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Interview With White Dairy Employee Fired for Displaying Confederate Flag
Aired June 2, 2003 - 20:37 ET
THIS IS A RUSH TRANSCRIPT. THIS COPY MAY NOT BE IN ITS FINAL FORM AND MAY BE UPDATED.
ANDERSON COOPER, CNN ANCHOR: Welcome back. The Confederate battle flag, long a subject of controversy, it's back in the news today. A federal appeals court has ruled against a white South Carolina dairy worker who put a confederate flag sticker on his toolbox -- actually two stickers. After a black co-worker complained, the dairy asked the white worker to remove the stickers. When he refused, the dairy fired him. The court ruled that while the white worker had that right to display the flag on his own time, he didn't have the right to bring it into the workplace.
Joining us from Charleston, South Carolina are the worker, Matthew Dixon and his lawyer Samuel Howell. Gentlemen, thanks for being with us. Matthew, let me start off with you. Obviously you're disappointed by this ruling today. Why was it important to you to have the Confederate flag sticker on your toolbox and bring it into work?
MATTHEW DIXON, FIRED WORKER: The Confederate flag sticker was just part of heritage, part of my family. And it had been there prior to my employment there, it was the toolbox and was just there when I went to work for them.
COOPER: So exactly what happened? I know, as you said, it had been there a while. When did a co-worker take offense?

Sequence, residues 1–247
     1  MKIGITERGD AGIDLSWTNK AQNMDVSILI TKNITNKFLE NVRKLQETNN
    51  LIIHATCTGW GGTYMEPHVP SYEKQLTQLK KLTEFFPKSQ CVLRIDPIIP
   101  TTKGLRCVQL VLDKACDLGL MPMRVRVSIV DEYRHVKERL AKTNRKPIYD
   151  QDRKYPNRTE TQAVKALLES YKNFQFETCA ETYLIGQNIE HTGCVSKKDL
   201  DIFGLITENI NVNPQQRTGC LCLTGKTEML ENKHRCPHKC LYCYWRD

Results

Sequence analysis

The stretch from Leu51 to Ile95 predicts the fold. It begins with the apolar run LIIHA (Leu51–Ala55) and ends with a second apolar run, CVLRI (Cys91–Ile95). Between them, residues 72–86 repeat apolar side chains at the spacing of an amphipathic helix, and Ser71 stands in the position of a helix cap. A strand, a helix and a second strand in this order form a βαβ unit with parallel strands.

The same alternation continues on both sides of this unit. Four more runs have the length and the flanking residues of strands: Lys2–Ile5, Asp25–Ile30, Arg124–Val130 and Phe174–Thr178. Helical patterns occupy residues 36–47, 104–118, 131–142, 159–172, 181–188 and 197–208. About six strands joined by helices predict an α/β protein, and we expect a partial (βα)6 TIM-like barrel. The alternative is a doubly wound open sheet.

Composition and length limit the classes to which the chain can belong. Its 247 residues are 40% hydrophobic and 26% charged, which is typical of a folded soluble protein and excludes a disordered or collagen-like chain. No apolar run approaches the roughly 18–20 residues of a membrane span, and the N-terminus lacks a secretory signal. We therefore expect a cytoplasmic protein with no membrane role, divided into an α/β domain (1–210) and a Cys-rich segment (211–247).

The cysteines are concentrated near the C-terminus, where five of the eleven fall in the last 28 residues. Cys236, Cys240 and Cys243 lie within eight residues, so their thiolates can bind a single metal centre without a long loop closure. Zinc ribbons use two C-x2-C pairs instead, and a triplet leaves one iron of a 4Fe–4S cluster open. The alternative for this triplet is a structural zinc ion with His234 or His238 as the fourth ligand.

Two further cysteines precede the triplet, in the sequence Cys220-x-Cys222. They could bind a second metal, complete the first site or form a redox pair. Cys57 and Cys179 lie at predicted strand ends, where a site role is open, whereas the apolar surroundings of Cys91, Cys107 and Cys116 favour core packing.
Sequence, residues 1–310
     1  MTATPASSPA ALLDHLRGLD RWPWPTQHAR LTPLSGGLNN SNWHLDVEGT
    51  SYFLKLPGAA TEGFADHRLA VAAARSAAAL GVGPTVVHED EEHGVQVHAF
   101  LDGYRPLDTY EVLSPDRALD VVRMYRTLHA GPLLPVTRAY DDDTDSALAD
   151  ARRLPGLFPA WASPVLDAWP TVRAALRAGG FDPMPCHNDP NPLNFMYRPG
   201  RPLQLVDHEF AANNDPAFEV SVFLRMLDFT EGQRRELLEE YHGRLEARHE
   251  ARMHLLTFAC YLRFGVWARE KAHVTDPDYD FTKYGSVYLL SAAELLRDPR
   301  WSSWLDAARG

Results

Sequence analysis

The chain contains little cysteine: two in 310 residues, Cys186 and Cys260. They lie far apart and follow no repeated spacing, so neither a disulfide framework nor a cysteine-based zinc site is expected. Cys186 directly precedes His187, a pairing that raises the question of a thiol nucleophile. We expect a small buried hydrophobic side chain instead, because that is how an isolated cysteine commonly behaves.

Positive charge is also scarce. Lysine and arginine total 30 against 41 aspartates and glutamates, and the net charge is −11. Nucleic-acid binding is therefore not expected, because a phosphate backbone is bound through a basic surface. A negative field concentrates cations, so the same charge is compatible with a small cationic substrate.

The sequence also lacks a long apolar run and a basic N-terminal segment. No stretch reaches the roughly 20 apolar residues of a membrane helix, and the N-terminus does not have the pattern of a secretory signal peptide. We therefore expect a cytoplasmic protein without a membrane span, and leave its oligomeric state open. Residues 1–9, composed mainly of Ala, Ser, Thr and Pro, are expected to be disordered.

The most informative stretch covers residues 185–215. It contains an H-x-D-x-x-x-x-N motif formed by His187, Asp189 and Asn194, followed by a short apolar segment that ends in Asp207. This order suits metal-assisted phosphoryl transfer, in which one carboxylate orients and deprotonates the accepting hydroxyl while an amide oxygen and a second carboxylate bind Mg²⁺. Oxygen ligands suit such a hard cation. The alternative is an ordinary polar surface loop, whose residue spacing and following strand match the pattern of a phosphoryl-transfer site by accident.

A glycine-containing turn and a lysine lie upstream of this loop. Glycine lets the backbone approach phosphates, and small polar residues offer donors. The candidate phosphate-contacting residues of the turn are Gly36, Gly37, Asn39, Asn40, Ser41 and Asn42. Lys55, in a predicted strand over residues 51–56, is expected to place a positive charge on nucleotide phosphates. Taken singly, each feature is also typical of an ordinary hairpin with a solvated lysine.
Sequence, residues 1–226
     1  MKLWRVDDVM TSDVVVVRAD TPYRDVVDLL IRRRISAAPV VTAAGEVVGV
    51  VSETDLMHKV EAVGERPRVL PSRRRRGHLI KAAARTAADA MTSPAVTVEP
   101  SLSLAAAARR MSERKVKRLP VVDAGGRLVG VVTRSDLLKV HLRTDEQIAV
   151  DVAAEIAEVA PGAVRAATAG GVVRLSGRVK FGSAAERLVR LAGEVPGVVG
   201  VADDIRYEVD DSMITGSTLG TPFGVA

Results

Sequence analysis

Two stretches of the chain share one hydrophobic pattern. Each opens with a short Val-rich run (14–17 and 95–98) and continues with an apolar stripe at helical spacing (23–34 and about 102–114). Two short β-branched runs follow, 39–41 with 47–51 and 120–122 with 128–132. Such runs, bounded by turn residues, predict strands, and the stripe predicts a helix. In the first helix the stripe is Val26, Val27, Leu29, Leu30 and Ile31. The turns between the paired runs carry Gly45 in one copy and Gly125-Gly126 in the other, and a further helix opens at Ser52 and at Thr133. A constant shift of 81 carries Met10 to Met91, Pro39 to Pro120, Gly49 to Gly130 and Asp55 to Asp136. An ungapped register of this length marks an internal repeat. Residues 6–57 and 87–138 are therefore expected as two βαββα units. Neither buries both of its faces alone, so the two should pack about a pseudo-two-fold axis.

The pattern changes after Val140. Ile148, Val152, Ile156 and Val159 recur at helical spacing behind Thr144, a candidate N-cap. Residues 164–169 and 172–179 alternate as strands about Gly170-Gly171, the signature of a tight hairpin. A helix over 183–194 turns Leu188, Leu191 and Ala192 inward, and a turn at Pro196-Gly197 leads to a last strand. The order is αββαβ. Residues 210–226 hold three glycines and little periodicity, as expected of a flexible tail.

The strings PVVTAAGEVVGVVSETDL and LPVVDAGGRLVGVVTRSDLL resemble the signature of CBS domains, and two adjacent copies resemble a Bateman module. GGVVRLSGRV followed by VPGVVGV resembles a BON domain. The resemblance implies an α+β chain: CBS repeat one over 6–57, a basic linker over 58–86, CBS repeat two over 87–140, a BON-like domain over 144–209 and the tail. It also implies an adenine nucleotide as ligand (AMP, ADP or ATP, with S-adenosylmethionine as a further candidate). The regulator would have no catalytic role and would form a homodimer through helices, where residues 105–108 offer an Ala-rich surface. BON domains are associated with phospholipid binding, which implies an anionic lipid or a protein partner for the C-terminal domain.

DIXON: I left from Coburg Dairy's for a brief period and when I came back to work, it was a heated discussion with the state house here. And the black co-worker complained and said that he wanted me to remove it.
COOPER: And then the company basically showed you their harassment policy and said what?
DIXON: They told me that a co-work had complained about it and said that it was offensive. The policy at the time was extremely vague and didn't really say anything about the flag or any kind of flag as being offensive.
COOPER: Samuel, you're the attorney in this case. I know, obviously, you're also disappointed by the ruling today. Explain the ruling because basically what my understanding of what the judges were saying is you have a right to display this flag on your truck, above your home, outside in the public. But to bring it into a private workplace is a different matter entirely, is that right? SAMUEL HOWELL, DIXON'S ATTORNEY: Well, what South Carolina did was pass a law to try to extend civil liberty protection to all employees, even those in a private employment context. Right now, public employees, that is people who work for the government, either the state or local government or federal government, don't give up their First Amendment Constitutional rights when at the go to work.
Well, South Carolina extended that protection to private employees as well. However, in a split decision, two of the three judges decided to reject South Carolina's expansion of civil liberties and ruled that in this case Coburg Dairy could act as judge, jury and executioner and fire Matthew Dixon.
COOPER: All right, we're going to leave it there with you gentlemen. Matthew Dixon, Samuel Howell, appreciate you joining. Thanks very much.
We contacted Mr. Dixon's former employer, Coburg Dairy. It's public relations firm says the company will withhold comment until it has an opportunity to look over the court ruling.
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